Israel has a military option as well, but Pollack asserted that it is not a good one.  Israel could attempt to destroy Iran’s nuclear facilities, as it did in Iraq in 1981 and Syria in 2007. However, neither America nor Israel would prefer such an option. Israel, which typically pursues a military option when it is viable, has proven that it wants to leave military strikes to the United States by debating the option publicly for the last fifteen years.

  • 16 September 2013
  • Posted By Shadi
  • 0 Comments
  • Diplomacy, Sanctions

Experts Consider Prospects for Iran Diplomacy Amid Syria Crisis

The alleged use of chemical weapons by Syrian President Bashar al-Assad and the ongoing debate within the United States over military intervention has raised many questions regarding the prospects of nuclear negotiations with Iran.

On September 10, in efforts to shed light on the current complex dynamic between Iran, Syria and the United States, as well as to explore the potential for diplomacy with Iran, the American Security Project hosted an event entitled “Prospects for a Diplomatic Solution in Iran.” This panel included Greg ThielmannSenior Fellow at the Arms Control Association, Joel Rubin, Policy Director for the Ploughshares Fund and Alireza Nader, International Policy Analyst for the RAND Corporation.

Thielmann initiated the discussion by providing a comprehensive update on the status of Iran’s nuclear program. Thielmann discredited the current 2015 projected date of Iran being able to acquire deliverable nuclear weapons. He stated, “2015 is a worst case number the intelligence community has used for a long time, now requiring so many qualifications it is no longer a meaningful projection.”

Describing the current position of Iran’s nuclear program, Thielmann said,  “whatever redlines are drawn on cartoon bombs, Iran is not yet on the verge of being able to make a no warning dash to nuclear weapons.” He argued that the present task for the United States is to convince Iran through diplomacy that nuclear weapons development is not necessary for deterrence, or in Iran’s national interest.

Joel Rubin focused primarily on the potential for diplomacy with Iran in light of Syria. Rubin emphasized “it’s always darkest before the dawn when it comes to diplomacy.”  Opportunities are always present because  “diplomacy is not linear, different pressures and key moments combined with creativity can produce results.”

Rubin urged decision-makers, and analysts like himself, to “stretch [their] minds in how [they] think of diplomacy.” Providing instances of such creative diplomacy, Rubin referenced Russia’s recent proposal for Syria, as well as Rouhani’s and Mohammad Javad Zarif’s (the new Iranian Foreign Minister) innovative use of “twitter diplomacy.”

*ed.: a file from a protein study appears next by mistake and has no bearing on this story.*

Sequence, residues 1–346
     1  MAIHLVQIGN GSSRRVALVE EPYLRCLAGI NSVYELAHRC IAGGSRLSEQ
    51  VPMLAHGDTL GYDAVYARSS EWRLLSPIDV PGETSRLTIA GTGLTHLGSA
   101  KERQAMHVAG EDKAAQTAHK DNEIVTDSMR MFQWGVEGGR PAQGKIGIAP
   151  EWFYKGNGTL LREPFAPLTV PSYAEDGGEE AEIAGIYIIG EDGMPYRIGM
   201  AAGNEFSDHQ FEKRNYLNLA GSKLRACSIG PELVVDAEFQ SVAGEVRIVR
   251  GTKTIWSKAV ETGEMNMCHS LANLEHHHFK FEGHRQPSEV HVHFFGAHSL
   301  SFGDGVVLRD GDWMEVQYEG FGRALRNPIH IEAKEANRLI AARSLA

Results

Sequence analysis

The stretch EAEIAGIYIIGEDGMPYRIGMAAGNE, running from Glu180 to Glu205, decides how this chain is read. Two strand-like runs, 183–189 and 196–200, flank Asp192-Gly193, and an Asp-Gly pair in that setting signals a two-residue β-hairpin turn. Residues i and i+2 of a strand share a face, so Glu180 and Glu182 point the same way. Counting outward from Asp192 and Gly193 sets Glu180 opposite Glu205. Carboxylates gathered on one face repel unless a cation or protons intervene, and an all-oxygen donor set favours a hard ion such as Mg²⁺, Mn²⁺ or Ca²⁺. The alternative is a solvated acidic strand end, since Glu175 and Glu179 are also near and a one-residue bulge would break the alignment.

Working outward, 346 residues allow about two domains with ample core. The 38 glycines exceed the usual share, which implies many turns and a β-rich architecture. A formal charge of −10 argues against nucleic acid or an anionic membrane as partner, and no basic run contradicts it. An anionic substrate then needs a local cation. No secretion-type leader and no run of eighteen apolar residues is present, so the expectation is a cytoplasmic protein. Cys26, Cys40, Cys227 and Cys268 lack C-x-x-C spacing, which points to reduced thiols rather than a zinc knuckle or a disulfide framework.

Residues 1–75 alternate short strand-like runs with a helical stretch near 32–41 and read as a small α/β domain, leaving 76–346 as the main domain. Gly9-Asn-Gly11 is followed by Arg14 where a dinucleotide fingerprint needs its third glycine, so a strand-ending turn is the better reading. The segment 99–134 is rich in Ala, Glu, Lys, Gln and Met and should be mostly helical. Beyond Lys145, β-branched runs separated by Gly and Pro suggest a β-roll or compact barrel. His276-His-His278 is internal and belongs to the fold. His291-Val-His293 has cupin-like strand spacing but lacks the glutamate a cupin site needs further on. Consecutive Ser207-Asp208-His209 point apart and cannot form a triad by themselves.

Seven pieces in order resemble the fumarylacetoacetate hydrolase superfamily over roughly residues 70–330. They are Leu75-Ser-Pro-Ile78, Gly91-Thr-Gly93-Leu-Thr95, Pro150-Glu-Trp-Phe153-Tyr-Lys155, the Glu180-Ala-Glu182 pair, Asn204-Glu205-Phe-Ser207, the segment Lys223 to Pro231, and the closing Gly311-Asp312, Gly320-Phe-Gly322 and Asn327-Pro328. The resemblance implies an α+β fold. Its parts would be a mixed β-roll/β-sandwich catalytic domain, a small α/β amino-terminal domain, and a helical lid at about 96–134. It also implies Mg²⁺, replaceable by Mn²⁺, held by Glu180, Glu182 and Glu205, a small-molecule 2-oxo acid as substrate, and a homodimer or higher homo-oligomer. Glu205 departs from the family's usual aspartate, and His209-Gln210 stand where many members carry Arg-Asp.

Another strategic point Rubin articulated is that “Congress can’t be counted on, but can’t be ignored.” This became increasingly apparent days before Rouhani’s inauguration, when the House passed a new bill (H.R. 850) that would impose harsh sanctions on Iran.  Rubin warned that several of the recently proposed sanctions (including H.R.850) contain “language that frankly would handcuff the president’s ability to negotiate a diplomatic deal with Iran on its nuclear program,” including restrictions on the President’s ability to waive certain sanctions. According to Rubin, there are currently “so many sanctions that it is hard to keep track of them” due to three decades of accumulation, in addition to multiple UN Security Council resolutions. The key question is whether Obama and his team have enough flexibility to move on sanctions relief that would be essential to negotiating a nuclear deal.

The final speaker, Alireza Nader, discussed the internal politics of Iran and how the election of Iran’s president Rouhani provides “real opportunities for the United States and its partners to resolve the nuclear crisis diplomatically.”

Although the election of this relatively moderate president was a surprise to many in Iran and the United States, Nader argued that Rouhani is not a transformative figure, is not a reformist, and does not want democracy for Iran. He is a conservative cleric and regime insider who supported the creation of the Islamic Republic in 1979. However, arguing against many who claim that Rouhani is too inline with the Islamic Republic to bring about new solutions to this historic conflict, Nader claims “it is because he is part of the system that he can lead Iran through a diplomatic solution.”

All three panelists agreed that now is the time to engage Iran diplomatically to resolve the nuclear issue.  The three panelists similarly acknowledged the power of offering to lift sanctions to reach a negotiated settlement with Iran.  There seems to be a growing push for diplomatic engagement with Iran. However, the complexity of conditions and the uncertainty of Syria’s crisis make it difficult to predict how future negotiations will unfold.

  • 8 August 2013
  • Posted By Caroline Cohn
  • 2 Comments
  • discrimination, Sanctions

Want to book a flight to Iran on Kayak? Sorry. But North Korea’s nice this time of year.